I also liked the element of visual confusion. After a rather sexually graphic scene, the main character draws a lighthouse on the chalkboard and your not thinking about the book "The Lighthouse". There is a lot of focus on words and vision in this film but outside of a pure film theorist element I doubt many would find much in this film to enjoy.
J. Edgar (2017)
Generally I can overlook a film where the main characters make one or two wildly stupid decisions. This film was a constant stream of 'you have got to be kidding me' choices made by... well everyone. Even the fisherman who happen to get involved managed to make baffling choices.
For a film with a 'family values' agenda it certainly had some odd family dynamics... not so much cliche as... wildly stupid and hard to swallow.
The film has a great cast but acting talent and nice cinematography can't save a film this flawed.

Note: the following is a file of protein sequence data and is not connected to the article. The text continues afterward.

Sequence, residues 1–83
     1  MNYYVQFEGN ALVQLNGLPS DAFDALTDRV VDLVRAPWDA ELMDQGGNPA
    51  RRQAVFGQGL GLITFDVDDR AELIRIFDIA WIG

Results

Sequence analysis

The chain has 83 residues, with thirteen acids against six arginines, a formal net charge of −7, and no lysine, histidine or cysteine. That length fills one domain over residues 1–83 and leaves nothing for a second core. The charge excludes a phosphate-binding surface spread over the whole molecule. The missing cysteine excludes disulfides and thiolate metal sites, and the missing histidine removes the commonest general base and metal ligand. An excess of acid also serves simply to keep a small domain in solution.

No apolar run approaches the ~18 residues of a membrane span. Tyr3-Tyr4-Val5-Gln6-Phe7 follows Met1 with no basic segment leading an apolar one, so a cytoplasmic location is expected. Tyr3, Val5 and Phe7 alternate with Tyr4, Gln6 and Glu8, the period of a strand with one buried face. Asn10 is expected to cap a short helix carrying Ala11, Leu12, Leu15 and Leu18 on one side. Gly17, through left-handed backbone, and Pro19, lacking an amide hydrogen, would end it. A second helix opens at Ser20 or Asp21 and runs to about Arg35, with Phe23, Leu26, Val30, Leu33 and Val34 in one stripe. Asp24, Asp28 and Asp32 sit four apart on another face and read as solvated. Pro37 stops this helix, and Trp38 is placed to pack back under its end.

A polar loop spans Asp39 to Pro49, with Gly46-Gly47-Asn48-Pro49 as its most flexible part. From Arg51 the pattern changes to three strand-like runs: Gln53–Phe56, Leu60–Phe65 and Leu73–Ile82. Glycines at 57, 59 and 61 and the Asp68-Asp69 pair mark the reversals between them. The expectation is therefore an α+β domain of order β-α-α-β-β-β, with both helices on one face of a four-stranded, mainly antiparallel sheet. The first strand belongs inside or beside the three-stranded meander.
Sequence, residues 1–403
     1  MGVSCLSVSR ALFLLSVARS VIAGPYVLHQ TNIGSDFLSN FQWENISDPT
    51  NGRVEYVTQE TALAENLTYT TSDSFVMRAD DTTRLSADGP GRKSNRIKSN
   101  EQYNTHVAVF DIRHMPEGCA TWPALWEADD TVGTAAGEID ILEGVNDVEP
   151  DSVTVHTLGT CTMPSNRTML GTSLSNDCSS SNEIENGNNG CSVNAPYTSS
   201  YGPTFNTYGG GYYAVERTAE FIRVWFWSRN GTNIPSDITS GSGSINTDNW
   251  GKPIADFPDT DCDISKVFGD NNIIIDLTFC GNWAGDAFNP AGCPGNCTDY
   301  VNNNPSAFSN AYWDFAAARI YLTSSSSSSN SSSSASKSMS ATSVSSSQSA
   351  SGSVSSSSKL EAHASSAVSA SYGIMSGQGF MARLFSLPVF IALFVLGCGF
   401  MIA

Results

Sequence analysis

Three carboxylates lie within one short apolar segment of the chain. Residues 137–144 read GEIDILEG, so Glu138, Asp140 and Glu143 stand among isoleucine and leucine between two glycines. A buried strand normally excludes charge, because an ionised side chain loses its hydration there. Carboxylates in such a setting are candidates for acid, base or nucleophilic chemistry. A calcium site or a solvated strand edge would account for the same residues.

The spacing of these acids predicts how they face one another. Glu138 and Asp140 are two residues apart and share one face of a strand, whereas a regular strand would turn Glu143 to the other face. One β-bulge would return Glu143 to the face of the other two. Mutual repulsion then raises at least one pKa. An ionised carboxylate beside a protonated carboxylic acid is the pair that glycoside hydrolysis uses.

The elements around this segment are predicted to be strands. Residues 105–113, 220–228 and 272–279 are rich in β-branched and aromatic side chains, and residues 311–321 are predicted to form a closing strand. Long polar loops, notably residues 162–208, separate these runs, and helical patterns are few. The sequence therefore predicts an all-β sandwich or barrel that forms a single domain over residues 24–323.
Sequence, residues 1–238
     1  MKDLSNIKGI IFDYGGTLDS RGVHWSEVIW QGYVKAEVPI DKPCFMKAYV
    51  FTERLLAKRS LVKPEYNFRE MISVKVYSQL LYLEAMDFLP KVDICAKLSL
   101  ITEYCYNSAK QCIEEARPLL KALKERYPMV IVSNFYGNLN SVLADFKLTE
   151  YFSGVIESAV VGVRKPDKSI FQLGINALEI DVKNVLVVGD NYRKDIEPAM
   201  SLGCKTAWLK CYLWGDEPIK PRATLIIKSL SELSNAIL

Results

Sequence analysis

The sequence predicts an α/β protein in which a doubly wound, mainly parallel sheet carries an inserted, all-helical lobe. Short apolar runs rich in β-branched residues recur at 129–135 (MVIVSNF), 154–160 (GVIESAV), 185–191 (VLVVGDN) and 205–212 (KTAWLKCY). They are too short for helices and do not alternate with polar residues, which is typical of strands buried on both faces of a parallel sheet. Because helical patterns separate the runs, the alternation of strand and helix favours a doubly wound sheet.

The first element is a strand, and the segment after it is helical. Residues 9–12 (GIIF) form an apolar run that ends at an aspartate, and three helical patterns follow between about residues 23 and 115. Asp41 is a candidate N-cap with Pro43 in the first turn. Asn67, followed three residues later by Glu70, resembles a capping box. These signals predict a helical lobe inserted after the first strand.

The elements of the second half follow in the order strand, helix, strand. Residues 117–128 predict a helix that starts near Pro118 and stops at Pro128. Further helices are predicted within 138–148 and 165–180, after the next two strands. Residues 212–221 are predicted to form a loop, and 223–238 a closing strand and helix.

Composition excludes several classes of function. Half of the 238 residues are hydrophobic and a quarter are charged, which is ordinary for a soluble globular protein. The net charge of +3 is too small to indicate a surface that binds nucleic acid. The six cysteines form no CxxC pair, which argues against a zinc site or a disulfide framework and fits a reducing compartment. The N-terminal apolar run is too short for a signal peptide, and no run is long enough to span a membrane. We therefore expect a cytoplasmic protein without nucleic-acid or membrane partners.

Cinema Diary for 2012
The Year of The Dragon
This is a scrapbook of ideas, impressions and information about the movies I watch. It is basic, rough and raw in an effort to expand my personal viewing experiences. This is a creative exercise not a critical one. I hope you enjoy.
Other Diary Entires:
Dear Cinema Diary - May 2012
Dear Cinema Diary - April 2012
Dear Cinema Diary - March 2012
Dear Cinema Diary - February 2012
Dear Cinema Diary - Jan 2012
Diary Entries for 2011
October thru December | September | August | July | January
Diary Entries for 2010
December | November | October | September | August | July